The passage that Leslie mentioned in Revelation speaks to the self-satisfied view of those in authority over me. The problem of one’s shadow lies not in being blind and naked but in where we seek pure gold, white garments, and eye salve from Rev. 3:18. These elders had arrived doctrinally and vocationally. My husband was obtaining his PhD in New Testament and was financially rich from selling the custom home we had built ourselves when we were on a church-planting team. Our current church leadership didn’t need genuine relationship from us, and not even my husband had any need for my input to see himself truly.
As soon as former friends and the previous pastor-employer began to critique my husband’s expressed viewpoint, though, we moved away and he would have nothing more to do with them. When another boss objected to my husband’s unwillingness to work cooperatively with him, my husband agreed to step down instead of adjusting his working relationship. Then as I started to point out how the pastor-elders and my husband were blind to how they were undermining our marriage, they exhorted me from scripture to be silent. It seems that the Lord was using various means to highlight their spiritual need, but because they refused to allow others to be a mirror of their attitudes and choices, they remain convinced that they’re fine.
Of course, I bring my own weakness and faults to the table, but I have been willing to accept hard truths about myself from scripture and others, even from my husband and these leaders. As I receive the gold, garments, and salve that God offers, I can stand firm in the assurance that, though not sinless, I am blameless in this situation.
Besides church discipline, the most pervasive form of attack I received from the elders was being excluded for several years from serving in any leadership role, except in the children’s area. Though I had led the women’s ministry alongside my husband when he was a pastor and had been asked to speak several times to the women of our previous congregation, I was not invited to provide any input nor teach the women in this church after appealing to the elders for help with our marriage. My husband said it was because I couldn’t “be trusted to lead other women when you don’t trust your own husband.” This kind of treatment did not demonstrate to me that the leadership was bearing with our struggles, believing the best about me, or hoping that our relationship would change for the better from 1 Corinthians 13, a passage with which I had been clobbered countless times. Instead, I felt like a second-class member, while my husband was teaching an adult Sunday school class, leading a small group, and starting a church-wide evangelist outreach.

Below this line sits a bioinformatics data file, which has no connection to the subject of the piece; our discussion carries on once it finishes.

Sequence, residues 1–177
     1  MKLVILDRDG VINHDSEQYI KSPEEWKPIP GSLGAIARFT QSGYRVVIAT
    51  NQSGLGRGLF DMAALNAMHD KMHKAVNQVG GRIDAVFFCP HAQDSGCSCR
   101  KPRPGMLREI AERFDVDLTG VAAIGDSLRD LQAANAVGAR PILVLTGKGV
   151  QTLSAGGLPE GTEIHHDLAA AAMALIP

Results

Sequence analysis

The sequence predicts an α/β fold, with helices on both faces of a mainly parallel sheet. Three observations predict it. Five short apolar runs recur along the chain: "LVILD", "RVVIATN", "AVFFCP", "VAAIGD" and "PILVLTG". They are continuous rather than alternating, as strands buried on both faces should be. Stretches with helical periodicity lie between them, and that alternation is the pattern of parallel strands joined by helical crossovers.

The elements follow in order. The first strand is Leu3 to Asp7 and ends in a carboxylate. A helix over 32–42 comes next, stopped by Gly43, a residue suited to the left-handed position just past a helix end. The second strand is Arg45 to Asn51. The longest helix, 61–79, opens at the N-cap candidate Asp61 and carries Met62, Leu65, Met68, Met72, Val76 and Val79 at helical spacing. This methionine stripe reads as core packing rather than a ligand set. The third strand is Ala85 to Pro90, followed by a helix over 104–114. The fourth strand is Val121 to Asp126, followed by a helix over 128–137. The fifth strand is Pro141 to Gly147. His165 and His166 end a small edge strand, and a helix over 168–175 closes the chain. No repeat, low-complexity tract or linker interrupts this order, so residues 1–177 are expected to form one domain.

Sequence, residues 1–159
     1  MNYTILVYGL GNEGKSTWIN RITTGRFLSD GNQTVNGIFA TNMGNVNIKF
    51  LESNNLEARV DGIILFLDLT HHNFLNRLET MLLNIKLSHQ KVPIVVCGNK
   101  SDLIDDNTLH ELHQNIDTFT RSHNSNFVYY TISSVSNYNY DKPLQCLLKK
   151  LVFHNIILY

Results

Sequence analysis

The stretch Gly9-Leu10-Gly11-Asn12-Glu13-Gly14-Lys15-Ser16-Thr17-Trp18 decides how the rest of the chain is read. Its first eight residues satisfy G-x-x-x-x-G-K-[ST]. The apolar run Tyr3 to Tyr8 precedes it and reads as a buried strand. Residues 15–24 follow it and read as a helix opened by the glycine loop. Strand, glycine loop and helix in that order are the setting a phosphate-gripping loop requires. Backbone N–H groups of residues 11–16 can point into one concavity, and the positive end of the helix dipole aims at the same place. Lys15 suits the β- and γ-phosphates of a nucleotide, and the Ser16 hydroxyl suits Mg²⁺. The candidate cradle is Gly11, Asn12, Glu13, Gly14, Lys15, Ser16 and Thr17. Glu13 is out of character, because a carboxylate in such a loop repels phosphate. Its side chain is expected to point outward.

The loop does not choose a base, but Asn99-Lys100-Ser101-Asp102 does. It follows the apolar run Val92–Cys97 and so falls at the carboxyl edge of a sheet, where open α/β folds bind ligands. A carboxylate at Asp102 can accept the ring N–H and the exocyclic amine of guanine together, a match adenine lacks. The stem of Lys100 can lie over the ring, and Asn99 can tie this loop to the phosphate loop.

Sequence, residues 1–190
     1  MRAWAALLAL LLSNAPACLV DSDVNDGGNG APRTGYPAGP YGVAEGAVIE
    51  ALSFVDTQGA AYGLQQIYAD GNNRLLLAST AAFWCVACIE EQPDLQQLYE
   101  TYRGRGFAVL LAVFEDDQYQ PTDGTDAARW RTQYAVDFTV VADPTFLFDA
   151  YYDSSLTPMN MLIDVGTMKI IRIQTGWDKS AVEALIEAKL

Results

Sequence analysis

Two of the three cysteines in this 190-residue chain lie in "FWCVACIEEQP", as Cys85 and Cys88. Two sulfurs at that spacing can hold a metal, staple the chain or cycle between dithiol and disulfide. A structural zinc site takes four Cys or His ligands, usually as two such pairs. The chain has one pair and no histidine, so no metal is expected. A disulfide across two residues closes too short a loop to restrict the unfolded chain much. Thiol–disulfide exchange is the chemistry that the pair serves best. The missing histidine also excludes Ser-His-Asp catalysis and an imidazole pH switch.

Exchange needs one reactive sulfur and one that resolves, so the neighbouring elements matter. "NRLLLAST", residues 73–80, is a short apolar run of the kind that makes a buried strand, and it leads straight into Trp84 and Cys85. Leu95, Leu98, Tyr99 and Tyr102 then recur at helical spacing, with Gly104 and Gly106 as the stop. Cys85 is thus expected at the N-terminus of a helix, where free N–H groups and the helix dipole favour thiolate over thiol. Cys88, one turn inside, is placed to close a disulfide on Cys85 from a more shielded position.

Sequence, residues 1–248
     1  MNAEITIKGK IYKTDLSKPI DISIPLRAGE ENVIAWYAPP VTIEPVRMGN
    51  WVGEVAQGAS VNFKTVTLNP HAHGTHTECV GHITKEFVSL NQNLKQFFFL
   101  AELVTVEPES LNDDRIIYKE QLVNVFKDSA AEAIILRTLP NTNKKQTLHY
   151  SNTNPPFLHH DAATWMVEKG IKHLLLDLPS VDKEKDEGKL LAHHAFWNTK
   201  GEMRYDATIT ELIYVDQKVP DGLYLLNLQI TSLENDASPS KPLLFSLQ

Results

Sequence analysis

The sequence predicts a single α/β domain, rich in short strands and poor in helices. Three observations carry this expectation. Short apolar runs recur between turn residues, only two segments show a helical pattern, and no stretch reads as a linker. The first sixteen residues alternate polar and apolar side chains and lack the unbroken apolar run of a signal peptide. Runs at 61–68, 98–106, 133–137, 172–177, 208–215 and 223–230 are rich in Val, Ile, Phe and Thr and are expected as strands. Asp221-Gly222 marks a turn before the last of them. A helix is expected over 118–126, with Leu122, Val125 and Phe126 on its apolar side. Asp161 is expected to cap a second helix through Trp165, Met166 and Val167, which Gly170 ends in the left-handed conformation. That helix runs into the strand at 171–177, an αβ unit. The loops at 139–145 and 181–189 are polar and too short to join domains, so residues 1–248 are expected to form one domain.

When our family moved cross country for my husband to take a teaching position, I anticipated that agreeing on a new church was going to be a tedious process. I gravitated to a gospel-practicing church that had a strong emphasis on relationships and my husband preferred one that has the same doctrinal approach and culture as our last church. From the start my husband began to insist that the church I liked was “bad” and “damaging to our children.” The counseling elder from our former church felt that he still had the authority to require me to agree with my husband’s choice of church. He allowed my husband to insist on his own way, while requiring me “to influence him by means of your godly, submissive conduct (1 Peter 3:1-6)” and not to judge his willingness to repent and change from Luke 6:37-42.
I cannot know my husband’s or the church elders’ hearts truly, but I can truly object to how their self-serving decisions are still affecting me. Was the leadership justified in excluding our family from any community life outside official church activities? Why was my husband asked to serve in visible leadership roles, while I was relegated to serving behind the scenes in the children’s ministry (which is outside my interests and gifting) and with women one-on-one? Was my husband somehow more qualified to lead, though we share the same doctrinal convictions? Even when I ignored how my husband was failing to love me biblically and I pretended that everything was alright at home, my forbearance and patience weren’t acknowledged and supported, but expected. How can I be required to join a church that strongly resembles our former one?
Friends, from this blog, what is one of the most important things we must do if we want to “see” our shadow side? Why do you think many believers resist seeing it?